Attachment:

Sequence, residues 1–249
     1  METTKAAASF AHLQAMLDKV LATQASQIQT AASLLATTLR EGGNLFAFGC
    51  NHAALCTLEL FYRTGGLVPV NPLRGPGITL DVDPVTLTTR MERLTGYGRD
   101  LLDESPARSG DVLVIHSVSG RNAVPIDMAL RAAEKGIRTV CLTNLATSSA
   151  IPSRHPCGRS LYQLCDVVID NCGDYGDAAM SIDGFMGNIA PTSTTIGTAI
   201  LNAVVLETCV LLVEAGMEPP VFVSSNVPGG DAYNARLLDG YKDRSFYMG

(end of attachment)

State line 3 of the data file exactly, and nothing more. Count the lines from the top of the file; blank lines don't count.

    51  NHAALCTLEL FYRTGGLVPV NPLRGPGITL DVDPVTLTTR MERLTGYGRD